Campuses & city streets have become places where calls for the
destruction of the State of Israel and the Jewish people are now
common at every rally and political protest, the argument that it
applies only to “Zionists” making little sense when approximately half
of all Jews worldwide live in Israel, speak their native language
Hebrew, keep their national festivals and customs in the modern state
created by the league of nations following the horrors of the 2nd
world war and the Holocaust.

Jews arrived as survivors of brutal torment from Europe and terrible,
violent expulsion from Arab countries toa land that although
undeveloped and largely unusable the land of their ancient longing: no
fewer than three times daily Jews prayed to return to their land
following the thousands of years since the Roman exile, every
Synagogue in every country worldwide and every prayer uttered by every
Jew has been directed towards Jerusalem.

On Pesach we teach the fundamental lessons of our people to the next
generation, that they themselves are part of this incredible and
miraculous narrative told in the lives of a unique people over
thousands of years, telling their children and they their children’s
children that the Almighty did miracles for our forefathers in a land
not theirs, that with a strong hand He brought us to a place where we
can call home. In every generation we manage somehow to integrate,
adopt new languages and lifestyles and yet no matter what we remain
Jews, when we least expect it our neighbours remind us.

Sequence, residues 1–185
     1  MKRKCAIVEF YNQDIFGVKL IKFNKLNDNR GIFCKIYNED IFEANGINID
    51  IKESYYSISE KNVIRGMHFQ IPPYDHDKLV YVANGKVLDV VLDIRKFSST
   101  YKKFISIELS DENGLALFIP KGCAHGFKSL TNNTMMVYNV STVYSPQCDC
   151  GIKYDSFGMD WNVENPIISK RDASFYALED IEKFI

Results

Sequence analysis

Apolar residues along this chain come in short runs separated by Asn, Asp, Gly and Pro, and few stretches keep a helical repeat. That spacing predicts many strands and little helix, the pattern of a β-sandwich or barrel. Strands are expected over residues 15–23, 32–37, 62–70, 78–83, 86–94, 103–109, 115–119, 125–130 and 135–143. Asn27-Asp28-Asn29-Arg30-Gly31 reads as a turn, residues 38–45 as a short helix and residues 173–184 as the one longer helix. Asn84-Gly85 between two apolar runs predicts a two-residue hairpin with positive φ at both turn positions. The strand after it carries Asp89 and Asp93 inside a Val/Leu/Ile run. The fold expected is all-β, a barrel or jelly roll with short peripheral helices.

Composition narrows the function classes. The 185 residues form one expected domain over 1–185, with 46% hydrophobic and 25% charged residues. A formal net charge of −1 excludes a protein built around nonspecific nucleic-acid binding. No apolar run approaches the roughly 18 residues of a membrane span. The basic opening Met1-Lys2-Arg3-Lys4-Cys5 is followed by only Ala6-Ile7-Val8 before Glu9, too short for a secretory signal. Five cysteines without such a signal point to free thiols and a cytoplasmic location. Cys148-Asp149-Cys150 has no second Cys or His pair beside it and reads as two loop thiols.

It with no small sense of irony that the secular educational
institutions that liberal Jews funded have become the hotbeds of
antisemitic rhetoric and propaganda directed at secular Jewish
nationalism, regardless of our colour, political views or religious
“affiliation” if we identify with the larger Jewish nation, with being
the Children of Israel we are immediately called oppressors. Despite
the millions of people killed in recent wars across the world it is
the Jews who are the genocidal, no matter how other countries defend
themselves it is we who are excessive – all other nations have a
homeland and country, only we must fight both physically and vocally
to have such a right and privilege.

“This year we are slaves, next year may we be free men” – we often
think of this in the context of chains and laws that subjugate and
control, do we stop perhaps to consider that the slavery is inside our
minds? That we tell ourselves a narrative of what may and may not be
possible, that we hold ourselves back from our destiny that we are
perhaps, in many ways afraid to be truly free:

For Jews freedom is not a free-for-all recklessness or expression of
doing whatever we want whenever we want, rather we understand that
true freedom requires boundaries, laws and most importantly
responsibilities. On Pesach we take the symbol of mankind’s most basic
foodstuff since antiquity, bread and we forbid it – we show that our
freedom comes even with the ability to transcend that most basic
symbolic elements of civilisation as we know it – for Jews our freedom
is dependent not on external factors but on moral and spiritual

I pray that this year be a gathering of our people back together in
our land to create a society where we can express our unique culture,
ideals and peoplehood – and I pray equally that it is a time of
personal freedom for all of us, that we break free of negativity, of
doubts and illusions and most importantly the shackles we have created
to hold ourselves back from our truest expressions of self and
ultimate realisation of purpose.

Shabbat Shalom & Chag Somayach!

Rabbi Jonathan Goldschmidt 2024 ©